Let Us Now Praise Famous Men (Agee and Walker, 1941)

This week I have chosen to write a creative piece in the style of James Agee and Walker Evans:

The light in this bedroom comes from the one window that occupies the left hand side of the front wall. The reflection in its glass is from the bright sun, the kind of sun that shines on a day like today. Today is a warm summer’s day, with still and silent air filtering in to the bedroom through that one window. The two rectangular flowerpots in the window are holding red geraniums. Did I put them there? No. It must have been the person who lives here. The silence breaks only when a tractor goes by the side gate, holding a stack of rolled hay on its back, or the birds chirp because it is morning. I am sat on the bed facing the window, breathing in the clear country air. So clear.

The window overlooks the front garden. I can see the cat roaming around the three trees that are so precisely positioned; it is almost like a painting. Sharing this countrified heavenly air are two other such families: the Del Federico’s, with their children Daniela and Davide, and the Italian Carlo, with his with American wife Cindy, and I reach them thus:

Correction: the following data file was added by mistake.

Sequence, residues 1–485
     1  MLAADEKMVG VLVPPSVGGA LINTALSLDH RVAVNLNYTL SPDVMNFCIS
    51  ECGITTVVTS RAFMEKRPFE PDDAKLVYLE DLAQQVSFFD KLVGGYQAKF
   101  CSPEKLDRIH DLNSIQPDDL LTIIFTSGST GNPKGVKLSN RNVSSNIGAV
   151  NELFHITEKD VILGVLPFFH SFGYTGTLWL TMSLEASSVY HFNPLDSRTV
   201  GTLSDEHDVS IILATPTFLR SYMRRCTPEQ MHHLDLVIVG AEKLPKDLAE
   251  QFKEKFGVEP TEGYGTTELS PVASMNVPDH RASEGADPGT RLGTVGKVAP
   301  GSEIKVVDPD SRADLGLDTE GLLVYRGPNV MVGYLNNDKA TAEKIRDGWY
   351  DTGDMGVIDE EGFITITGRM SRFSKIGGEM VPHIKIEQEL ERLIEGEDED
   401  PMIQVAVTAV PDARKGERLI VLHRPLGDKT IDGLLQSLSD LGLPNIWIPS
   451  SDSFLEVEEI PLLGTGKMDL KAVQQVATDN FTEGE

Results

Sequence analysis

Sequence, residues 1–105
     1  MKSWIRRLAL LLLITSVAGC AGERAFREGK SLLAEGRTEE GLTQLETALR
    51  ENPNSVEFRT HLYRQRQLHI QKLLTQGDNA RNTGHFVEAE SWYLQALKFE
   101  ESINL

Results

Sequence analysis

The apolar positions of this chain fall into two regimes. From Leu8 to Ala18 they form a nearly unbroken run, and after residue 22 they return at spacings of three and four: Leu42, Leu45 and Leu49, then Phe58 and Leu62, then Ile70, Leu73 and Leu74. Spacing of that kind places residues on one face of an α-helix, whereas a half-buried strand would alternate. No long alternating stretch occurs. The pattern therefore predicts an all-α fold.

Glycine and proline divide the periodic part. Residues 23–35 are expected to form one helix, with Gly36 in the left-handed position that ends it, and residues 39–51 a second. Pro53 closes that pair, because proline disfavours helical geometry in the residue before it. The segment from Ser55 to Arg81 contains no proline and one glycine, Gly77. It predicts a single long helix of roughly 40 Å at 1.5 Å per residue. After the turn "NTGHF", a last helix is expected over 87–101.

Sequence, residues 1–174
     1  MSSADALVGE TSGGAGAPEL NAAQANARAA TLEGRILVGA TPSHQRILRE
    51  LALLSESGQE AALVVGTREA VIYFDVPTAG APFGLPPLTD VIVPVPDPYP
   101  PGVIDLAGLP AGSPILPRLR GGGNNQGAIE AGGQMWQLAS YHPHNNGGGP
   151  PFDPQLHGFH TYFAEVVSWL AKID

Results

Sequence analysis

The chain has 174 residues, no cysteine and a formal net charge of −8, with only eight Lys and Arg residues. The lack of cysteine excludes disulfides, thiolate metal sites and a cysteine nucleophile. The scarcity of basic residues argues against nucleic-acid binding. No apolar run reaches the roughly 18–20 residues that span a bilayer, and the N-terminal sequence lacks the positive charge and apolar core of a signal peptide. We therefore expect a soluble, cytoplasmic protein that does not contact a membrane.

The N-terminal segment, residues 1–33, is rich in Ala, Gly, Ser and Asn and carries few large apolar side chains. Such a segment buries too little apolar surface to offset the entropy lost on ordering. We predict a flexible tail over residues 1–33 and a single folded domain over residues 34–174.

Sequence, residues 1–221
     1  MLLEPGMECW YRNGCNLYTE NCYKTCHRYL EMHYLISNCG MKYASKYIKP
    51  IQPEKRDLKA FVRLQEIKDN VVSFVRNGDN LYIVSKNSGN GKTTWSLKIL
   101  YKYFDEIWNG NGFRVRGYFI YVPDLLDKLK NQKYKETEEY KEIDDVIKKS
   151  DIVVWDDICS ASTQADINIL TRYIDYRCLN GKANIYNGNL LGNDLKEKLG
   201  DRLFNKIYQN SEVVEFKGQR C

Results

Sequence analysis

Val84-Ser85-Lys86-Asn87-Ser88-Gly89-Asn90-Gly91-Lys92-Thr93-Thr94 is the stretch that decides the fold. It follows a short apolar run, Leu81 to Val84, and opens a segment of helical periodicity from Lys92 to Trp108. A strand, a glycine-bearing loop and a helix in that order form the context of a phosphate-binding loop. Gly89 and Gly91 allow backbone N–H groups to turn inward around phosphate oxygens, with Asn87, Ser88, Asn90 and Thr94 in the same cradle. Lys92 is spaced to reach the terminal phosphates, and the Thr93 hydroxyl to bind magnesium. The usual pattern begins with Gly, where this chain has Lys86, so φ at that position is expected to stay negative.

Leave this room, cross the hallway that is big enough to also function as a study, pass the bathroom and go down the stairway that divides the house precisely in to two parts. Walk out the door at the bottom of the stairs (it is a converted farmhouse), and cross the garden to reach the carport. Proceed down the white, dusty driveway (there are olive trees on both sides) and go through the gate. Do not worry about the dogs yapping, they do that to every passer-by. Do not take the path to the right, as that will lead you to a dead end, and you will lose yourself in the overgrown fields surrounded by trees, and, as it is summer, full of snakes.

No, instead, go to the left. A quarter of a mile down the road, past the water fountain (which the women used to use to wash their clothes), there is a house that looks like it belongs in the film Roma, Città Aperta, in that typical Italian style . The house worships the sun, and the sun reciprocates this by radiating off every corner of it. The shed: is in ruins after the lightning struck it; the pool: has turned green because of neglect; the wooden doghouse: silent.

Past their house, through the bushes and brambles, is a foot path beyond which is the Del Federico’s house. Daniela and Davide are playing in the garden, the former tall and thin, and the latter short and wearing braces. In the background: their house, or rather their parents’. It is covered in ivy, but the ivy is beautiful. It complements the shade of yellow, which covers the house from back to front. I feel calm. This is where I am, this is what I perceive.


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